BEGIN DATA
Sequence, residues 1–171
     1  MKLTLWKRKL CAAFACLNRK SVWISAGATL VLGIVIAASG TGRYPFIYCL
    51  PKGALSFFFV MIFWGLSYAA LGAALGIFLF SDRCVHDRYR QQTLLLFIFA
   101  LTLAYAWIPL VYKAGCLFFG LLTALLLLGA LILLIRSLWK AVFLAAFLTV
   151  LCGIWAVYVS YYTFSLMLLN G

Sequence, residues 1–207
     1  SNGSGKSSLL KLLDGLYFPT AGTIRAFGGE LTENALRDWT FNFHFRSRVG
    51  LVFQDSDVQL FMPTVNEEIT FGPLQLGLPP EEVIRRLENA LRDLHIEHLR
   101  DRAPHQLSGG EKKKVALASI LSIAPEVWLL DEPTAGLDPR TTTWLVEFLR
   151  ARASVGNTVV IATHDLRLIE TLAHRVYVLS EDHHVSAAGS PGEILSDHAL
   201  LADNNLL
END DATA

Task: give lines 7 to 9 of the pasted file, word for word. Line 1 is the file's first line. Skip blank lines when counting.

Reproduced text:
     1  SNGSGKSSLL KLLDGLYFPT AGTIRAFGGE LTENALRDWT FNFHFRSRVG
    51  LVFQDSDVQL FMPTVNEEIT FGPLQLGLPP EEVIRRLENA LRDLHIEHLR
   101  DRAPHQLSGG EKKKVALASI LSIAPEVWLL DEPTAGLDPR TTTWLVEFLR